Do you swear by a post-night out full English? Or maybe your hangover cure is a banana and coffee? Here’s the science behind whether they really work.
People are precious about their hangover cures. Most people who drink alcohol have a very specific concoction of egg/bread/Coca Cola/cereal/hair of the dog that will make them feel better after a big night out (or, as in 2020, big night in). While excessive drinking is never a good idea, the festive season does bring with it a lot of booze-based evenings for those who choose to drink, meaning that now more than ever we would love news of a hangover cure.
Even now, with household mixing limited, Christmas parties are ongoing. We’re doing Zoom quizzes (again), virtual wine tasting and outdoor markets that heavily feature mulled wine. And whether you find handling the hangover from home easier than being in the office, we still need to feel good enough to work from our own stuffy bedrooms the next day.
But can those magic cures people swear by really help your hangover? “Many cures have been suggested, but there is little scientific evidence to support them,” says Helena Gibson-Moore, nutrition scientist for the British Nutrition Foundation.
The phrase ‘prevention is better than cure’ is pretty relevant here, according to Helena: “The obvious cure is not drinking too much alcohol – but this can be hard over the festive season. So if you know you’re going to have a few drinks, eat something beforehand.”
Yep, your mum’s old rule of not drinking on an empty stomach really is true, as food slows the absorption of alcohol into the blood. A study from the Journal of Clinical Pharmacology found that the alcohol elimination rate increased by 25% when alcohol followed food compared to fasting.
But the science behind pre-party carb-loading may not quite be true, as “currently there’s not enough scientific evidence to suggest which types of food or nutrients are better at doing this than others,” according to Helena. In fact, the same study found that alcohol elimination rate increased similarly when the meals were either high-fat, high-protein or high-carb.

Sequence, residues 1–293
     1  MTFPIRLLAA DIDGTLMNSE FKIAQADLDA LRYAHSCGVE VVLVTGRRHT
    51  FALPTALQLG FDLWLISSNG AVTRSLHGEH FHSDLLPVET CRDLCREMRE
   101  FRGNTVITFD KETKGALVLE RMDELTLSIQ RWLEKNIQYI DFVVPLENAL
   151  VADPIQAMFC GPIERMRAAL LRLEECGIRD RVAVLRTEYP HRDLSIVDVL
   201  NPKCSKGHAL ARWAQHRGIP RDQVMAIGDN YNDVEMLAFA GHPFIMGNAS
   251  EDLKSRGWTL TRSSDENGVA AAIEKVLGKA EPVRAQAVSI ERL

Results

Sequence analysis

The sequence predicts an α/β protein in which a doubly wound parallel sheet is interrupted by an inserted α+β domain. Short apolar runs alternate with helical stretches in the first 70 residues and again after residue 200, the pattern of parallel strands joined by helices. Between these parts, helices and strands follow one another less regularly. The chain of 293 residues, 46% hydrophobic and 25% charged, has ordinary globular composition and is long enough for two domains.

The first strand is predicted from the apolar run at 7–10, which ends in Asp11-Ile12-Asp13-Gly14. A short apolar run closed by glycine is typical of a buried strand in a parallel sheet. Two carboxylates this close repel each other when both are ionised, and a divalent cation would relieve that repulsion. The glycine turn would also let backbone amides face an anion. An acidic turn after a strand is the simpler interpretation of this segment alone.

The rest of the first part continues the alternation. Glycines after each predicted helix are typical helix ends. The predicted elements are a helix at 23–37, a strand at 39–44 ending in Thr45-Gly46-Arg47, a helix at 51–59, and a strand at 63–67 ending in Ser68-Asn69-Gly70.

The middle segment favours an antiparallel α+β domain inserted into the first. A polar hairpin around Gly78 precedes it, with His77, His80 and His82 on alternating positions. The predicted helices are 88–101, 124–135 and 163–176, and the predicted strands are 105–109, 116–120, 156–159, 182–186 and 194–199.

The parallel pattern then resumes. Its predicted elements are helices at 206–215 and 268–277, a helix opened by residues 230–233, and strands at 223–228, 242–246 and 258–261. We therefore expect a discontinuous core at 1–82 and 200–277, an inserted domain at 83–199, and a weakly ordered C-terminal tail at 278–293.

As for the next day? “Alcohol is a diuretic – in other words it makes you urinate more. If you don’t drink enough water or non-alcoholic drinks when you’re drinking alcohol, you can become dehydrated. Dehydration is the main cause of many of the symptoms of a hangover,” says Helena.
That means that one of the main ways to ease symptoms is to simply keep topping up those fluid levels. “The main thing is to replace lost fluids and have foods that contain plenty of essential nutrients,” Helena says. “Water is good but you may like to try some unsweetened fruit juice which contains some vitamins, or a smoothie made with milk or fruit.”
Good news: while some people say that coffee and tea can make hangovers worse because the caffeine is believed to be a diuretic, Helena says that they can actually help with rehydration on a hangover. And, as alcohol can affect our sleep, it is also useful to get you up and alert the day after a drink.
And then, there’s food. The hangover favourites that people often go to maybe because they are full of nutrients, as Helena suggested. Eggs, for example, are loaded with B vitamins as well as vitamin D and iron. Bananas are full of potassium and magnesium, two nutrients that could be affected by low hydration levels. However, neither of these things will cure the full symptoms of a hangover (fatigue, nausea, lightheadedness, a lack of concentration…) but simply help get your body’s nutrients back to what they once were.
While you might find heading to your greasy spoon helpful, Helena says we need to think of our stomachs. “Eat something that is gentle,” she says, as fat is harder to digest than other nutrients, putting more strain on your body. “If you like a cooked breakfast when you’re hungover then try to choose from wholemeal toast, poached or scrambled eggs, a slice of grilled bacon, canned tomatoes and reduced sugars and salt baked beans,” she suggests.
That might be your idea of a nightmare, given that everyone feels different with a hangover. The most important thing is making sure you eat for your appetite: “As with all hangover symptoms, effects on appetite vary between individuals – you may wake up feeling ravenous or you may not be able to face food if you’re feeling sick and unwell,” Helena says. “We don’t understand exactly why this is but we do know that alcohol can increase appetite when we are drinking and we also know that lack of sleep can increase appetite.”
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Unfortunately, it all boils down to the sad fact that “there is no specific food that will cure a hangover,” according to Helena. The research backs her up: a 2005 British Medical Journal study found that no “conventional or complementary intervention is effective for preventing or treating alcohol hangover”. That means that it’s all down to you, both in terms of finding what works for you, your stomach and your energy levels, as well as making sure you drink responsibly enough to not get a hangover in the first place.
So, as we enter the festive period, we wish you good luck.
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Chloe Gray is the senior writer for stylist.co.uk's fitness brand Strong Women. When she's not writing or lifting weights, she's most likely found practicing handstands, sipping a gin and tonic or eating peanut butter straight out of the jar (not all at the same time).